He accepted it, indeed, manfully, and at once threw himself into the study of the law as the profession by which he was to live. But the law, though it was the only path open to him, was not the one which suited his genius, or his object in life. To the last he worked hard and faithfully, but with doubtful reputation as to his success, and certainly against the grain. And this was not the worst. To make up for the loss of that start in life of which his father’s untimely death had deprived him, he became, for almost the rest of his life, the most importunate and most untiring of suitors.
In 1579 or 1580 Bacon took up his abode at Gray’s Inn, which for a long time was his home. He went through the various steps of his profession. He began, what he never discontinued, his earnest and humble appeals to his relative the great Lord Burghley, to employ him in the Queen’s service, or to put him in some place of independence: through Lord Burghley’s favour he seems to have been pushed on at his Inn, where, in 1586, he was a Bencher; and in 1584 he came into Parliament for Melcombe Regis.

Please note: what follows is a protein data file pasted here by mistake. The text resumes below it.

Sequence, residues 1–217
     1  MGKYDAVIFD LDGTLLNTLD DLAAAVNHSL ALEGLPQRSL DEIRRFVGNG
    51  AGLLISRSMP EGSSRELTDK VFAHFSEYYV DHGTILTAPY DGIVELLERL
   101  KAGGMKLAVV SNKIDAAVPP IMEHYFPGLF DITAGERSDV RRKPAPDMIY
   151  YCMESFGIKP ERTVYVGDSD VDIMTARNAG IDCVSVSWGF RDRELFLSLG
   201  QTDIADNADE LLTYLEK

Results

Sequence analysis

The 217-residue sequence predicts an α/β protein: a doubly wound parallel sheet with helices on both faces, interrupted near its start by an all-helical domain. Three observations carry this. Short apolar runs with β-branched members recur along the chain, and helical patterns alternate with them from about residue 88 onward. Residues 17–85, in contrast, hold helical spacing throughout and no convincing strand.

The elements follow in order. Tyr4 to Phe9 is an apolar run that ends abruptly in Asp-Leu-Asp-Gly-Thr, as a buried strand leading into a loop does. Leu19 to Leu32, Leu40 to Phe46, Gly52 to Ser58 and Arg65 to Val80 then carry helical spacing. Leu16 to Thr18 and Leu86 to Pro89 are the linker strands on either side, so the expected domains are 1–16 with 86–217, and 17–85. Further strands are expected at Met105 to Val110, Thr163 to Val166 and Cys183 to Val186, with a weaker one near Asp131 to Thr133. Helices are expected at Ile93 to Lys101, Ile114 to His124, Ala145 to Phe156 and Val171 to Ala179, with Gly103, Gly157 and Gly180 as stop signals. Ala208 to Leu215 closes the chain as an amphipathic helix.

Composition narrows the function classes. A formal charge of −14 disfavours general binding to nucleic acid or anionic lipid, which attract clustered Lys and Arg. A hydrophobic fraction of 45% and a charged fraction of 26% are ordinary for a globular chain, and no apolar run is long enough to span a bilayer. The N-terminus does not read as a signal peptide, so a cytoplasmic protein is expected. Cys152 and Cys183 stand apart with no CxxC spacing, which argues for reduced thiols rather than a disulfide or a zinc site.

He took some small part in Parliament; but the only record of his speeches is contained in a surly note of Recorder Fleetwood, who writes as an old member might do of a young one talking nonsense. He sat again for Liverpool in the year of the Armada (1588), and his name begins to appear in the proceedings. These early years, we know, were busy ones. In them Bacon laid the foundation of his observations and judgments on men and affairs; and in them the great purpose and work of his life was conceived and shaped. But they are more obscure years than might have been expected in the case of a man of Bacon’s genius and family, and of such eager and unconcealed desire to rise and be at work.